[Diagram]SCPH-1000/3000 PU-7 MM3 Stealth Install

General information to do with the PlayStation 1 Hardware. Including modchips, pinouts, rare or obscure development equipment, etc.
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Re: [Diagram]SCPH-1000/3000 PU-7 MM3 Stealth Install

Post by rama3 » May 5th, 2017, 5:42 pm

Trimesh, do you know how how it gates the original SCEX string from an original disc on PU-20+ boards?

Also, I hooked up a scope to "point 6" (http://www.mod-chip.net/images/pu23l.jpg) and found that it constantly seems to mirror the test signal from "point 5" there. Isn't that confusing the tracking error circuit?

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Re: [Diagram]SCPH-1000/3000 PU-7 MM3 Stealth Install

Post by TriMesh » May 5th, 2017, 8:32 pm

PU-20 is the same as PU7/8/18 - it's just NRZ data fed into a pin on the MCU and another signal (commonly called 'gate') that pulls down the comparator input to prevent the original signal from getting through.

On the PU22/PU23/PM41 boards, this signal no longer exists because it's been embedded into the subcode data stream by the CD processor chip (presumably in an attempt to block modchips) so the modchip signal in instead injected into the tracking error processing chain. The problem with this is that if you just grounded down the signal for a whole bit cell then the tracking would drift off and the drive would lose the signal.

So they take one of the timing signals from the CD DSP (WFCK) and use that to chop up the drive signal so it's floating 50% of the time - this lets you inject the simulated error signal into the signal chain without excessive interference with the tracking servo. The choice of WFCK seems pretty much arbitrary - you can chop up the output signal with a software timer and it still works OK. I suspect it was done that way at least as much because it makes it easy to work out what sort of board the chip is installed in (by detecting if the clock is present) than anything else.

The important thing is that the chopping frequency has to be well outside the bandwidth of the filter in the tracking servo since then all the switching frequency stuff is filtered out and all that you end up with is an about 3dB reduction in the effective tracking servo filter gain.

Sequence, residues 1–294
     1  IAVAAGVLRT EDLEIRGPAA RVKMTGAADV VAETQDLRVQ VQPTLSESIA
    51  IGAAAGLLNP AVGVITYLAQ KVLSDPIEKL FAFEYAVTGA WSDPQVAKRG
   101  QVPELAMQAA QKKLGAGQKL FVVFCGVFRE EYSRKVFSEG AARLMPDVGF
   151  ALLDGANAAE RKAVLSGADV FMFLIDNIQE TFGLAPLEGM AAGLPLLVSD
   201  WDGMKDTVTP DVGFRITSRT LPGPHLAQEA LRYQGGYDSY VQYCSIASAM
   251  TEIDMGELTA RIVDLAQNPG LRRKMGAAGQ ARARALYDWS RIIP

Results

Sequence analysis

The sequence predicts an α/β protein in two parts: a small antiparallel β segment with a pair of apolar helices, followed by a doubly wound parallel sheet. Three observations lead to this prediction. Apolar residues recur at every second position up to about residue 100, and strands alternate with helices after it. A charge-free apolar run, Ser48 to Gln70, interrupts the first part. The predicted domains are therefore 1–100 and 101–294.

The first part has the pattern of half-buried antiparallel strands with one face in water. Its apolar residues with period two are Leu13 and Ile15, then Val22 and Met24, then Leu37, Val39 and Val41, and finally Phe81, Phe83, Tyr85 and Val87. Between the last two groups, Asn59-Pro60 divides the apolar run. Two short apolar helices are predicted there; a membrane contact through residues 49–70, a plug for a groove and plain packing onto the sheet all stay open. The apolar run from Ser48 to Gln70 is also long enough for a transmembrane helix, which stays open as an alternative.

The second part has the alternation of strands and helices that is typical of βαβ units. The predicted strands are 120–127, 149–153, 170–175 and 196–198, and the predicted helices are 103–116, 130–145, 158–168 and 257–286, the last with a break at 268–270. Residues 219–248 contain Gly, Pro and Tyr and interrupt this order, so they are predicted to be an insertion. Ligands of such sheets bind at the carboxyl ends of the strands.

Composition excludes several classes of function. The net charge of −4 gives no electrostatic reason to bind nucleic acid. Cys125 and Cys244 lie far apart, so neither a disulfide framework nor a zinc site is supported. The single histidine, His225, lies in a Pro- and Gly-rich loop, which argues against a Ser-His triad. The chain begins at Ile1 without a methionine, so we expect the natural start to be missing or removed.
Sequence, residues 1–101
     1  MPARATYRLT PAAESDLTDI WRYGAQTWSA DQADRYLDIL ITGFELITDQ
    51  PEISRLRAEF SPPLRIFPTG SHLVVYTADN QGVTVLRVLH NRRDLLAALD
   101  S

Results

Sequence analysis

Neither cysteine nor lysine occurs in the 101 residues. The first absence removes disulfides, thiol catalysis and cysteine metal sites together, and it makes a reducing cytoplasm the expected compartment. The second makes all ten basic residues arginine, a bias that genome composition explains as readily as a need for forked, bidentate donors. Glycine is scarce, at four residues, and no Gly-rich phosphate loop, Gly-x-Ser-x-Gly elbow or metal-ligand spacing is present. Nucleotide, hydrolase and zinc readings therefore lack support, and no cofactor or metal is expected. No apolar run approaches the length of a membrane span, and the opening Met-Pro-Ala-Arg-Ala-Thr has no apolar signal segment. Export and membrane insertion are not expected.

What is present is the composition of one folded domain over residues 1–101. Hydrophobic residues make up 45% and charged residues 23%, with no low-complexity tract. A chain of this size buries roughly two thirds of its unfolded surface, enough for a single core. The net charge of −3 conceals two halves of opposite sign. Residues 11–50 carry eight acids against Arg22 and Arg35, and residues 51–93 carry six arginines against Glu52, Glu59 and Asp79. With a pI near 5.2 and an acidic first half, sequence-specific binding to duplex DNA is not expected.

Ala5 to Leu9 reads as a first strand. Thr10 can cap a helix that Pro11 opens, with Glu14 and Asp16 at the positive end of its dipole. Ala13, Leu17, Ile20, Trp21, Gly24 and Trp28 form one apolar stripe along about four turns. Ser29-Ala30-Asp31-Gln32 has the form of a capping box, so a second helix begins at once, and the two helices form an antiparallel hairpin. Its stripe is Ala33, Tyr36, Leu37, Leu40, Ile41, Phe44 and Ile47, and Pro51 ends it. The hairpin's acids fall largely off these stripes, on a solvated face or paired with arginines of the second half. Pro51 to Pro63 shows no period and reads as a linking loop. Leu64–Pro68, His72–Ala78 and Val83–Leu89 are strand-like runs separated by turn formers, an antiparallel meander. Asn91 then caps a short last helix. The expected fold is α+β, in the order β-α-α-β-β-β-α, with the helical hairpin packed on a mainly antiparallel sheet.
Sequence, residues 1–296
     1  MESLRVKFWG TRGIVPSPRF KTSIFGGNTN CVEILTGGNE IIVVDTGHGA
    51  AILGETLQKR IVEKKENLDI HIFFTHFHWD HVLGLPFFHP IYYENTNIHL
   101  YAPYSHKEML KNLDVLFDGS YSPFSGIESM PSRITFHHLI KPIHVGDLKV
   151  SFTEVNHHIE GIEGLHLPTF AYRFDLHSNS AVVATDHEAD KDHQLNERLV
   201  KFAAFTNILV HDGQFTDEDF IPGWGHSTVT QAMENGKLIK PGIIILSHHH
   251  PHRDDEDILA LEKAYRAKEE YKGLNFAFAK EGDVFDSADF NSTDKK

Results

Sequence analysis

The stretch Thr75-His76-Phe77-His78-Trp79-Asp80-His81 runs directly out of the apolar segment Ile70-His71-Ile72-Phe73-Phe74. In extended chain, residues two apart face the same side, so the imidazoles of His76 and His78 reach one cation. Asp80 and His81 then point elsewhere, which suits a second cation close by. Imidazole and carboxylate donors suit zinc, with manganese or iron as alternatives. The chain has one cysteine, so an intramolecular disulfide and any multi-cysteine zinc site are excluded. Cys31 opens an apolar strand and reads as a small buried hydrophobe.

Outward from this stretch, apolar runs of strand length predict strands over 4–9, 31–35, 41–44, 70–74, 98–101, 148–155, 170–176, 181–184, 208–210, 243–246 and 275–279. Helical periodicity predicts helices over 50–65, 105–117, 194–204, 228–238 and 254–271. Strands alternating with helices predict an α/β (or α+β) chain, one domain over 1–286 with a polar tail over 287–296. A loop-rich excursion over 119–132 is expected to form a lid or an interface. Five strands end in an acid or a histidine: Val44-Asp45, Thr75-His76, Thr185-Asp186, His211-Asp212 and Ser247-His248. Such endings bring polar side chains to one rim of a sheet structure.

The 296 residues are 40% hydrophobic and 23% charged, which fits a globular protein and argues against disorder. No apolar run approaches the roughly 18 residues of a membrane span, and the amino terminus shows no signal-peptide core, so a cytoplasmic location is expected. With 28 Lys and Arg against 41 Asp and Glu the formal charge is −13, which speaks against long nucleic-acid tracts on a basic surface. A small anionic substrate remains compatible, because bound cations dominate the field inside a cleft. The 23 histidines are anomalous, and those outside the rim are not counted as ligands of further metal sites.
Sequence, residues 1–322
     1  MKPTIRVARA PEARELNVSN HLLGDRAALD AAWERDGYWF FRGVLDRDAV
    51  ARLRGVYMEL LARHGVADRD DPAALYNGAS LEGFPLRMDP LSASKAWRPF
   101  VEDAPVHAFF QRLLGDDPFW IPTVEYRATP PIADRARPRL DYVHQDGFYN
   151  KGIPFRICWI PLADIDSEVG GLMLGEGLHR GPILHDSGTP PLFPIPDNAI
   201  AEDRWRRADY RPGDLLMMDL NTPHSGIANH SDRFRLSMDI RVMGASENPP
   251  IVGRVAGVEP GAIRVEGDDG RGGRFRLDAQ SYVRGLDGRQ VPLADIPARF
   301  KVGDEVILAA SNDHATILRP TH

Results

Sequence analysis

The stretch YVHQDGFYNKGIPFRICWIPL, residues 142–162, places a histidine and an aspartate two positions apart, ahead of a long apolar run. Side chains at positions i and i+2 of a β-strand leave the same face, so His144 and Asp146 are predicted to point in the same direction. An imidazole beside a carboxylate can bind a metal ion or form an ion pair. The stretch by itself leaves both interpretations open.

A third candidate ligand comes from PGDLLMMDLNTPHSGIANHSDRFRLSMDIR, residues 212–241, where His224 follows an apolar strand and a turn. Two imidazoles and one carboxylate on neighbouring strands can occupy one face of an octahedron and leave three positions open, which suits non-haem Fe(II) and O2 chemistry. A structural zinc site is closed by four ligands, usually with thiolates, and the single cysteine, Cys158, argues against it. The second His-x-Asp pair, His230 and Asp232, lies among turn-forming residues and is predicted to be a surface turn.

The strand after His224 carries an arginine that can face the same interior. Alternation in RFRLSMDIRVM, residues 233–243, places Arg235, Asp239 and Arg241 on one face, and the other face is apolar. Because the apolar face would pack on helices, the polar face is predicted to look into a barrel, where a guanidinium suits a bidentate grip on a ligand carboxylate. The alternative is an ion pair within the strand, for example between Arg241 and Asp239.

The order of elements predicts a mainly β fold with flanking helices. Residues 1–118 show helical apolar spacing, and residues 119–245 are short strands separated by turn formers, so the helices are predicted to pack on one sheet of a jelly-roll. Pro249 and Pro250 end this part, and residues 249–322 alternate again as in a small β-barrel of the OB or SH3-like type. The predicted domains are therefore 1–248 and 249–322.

Yes, this does cause some negative effects to the performance of the tracking servo, but it generally has more than enough gain margin to handle it. If the gain is very marginal, then it can mess things up (these are the consoles that stop working even with a correctly installed modchip).

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Re: [Diagram]SCPH-1000/3000 PU-7 MM3 Stealth Install

Post by rama3 » May 6th, 2017, 1:00 am

This is a great explanation of what's going on. Many thanks!

So I'm left wondering about one thing:
Why does the chip continue interfering with the tracking circuit, long after the SCEX injections are done?
Is the bandwith filter so effective that the people designing this just didn't bother turning the interference off after a while?

Anyway, I think with this information, we can do better :)

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Re: [Diagram]SCPH-1000/3000 PU-7 MM3 Stealth Install

Post by TriMesh » May 6th, 2017, 10:09 pm

rama3 wrote:This is a great explanation of what's going on. Many thanks!

So I'm left wondering about one thing:
Why does the chip continue interfering with the tracking circuit, long after the SCEX injections are done?
Is the bandwith filter so effective that the people designing this just didn't bother turning the interference off after a while?

Anyway, I think with this information, we can do better :)
It's been a while since I looked at the code, but from what I can remember the output was left floating after the strings have all been transmitted. It's possible that what you are seeing is just coupling rather than an intentional data transfer.

The way that SCEx signal was injected on the newer units also changed with time. The first implementation used 3 wires and a link - the link coupled WFCK into the tracking servo and the data line just dragged it down. As a result, this signal was injected at all times. This worked OK on most units, although some had problems with it.

Later, a 5 wire approach was used, which effectively replaced the link with a software controlled link that could be turned off when not needed. Finally, the approach used in MM3/Mayumi was devised, which put both the clock output and the data output on the same pin.

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Re: [Diagram]SCPH-1000/3000 PU-7 MM3 Stealth Install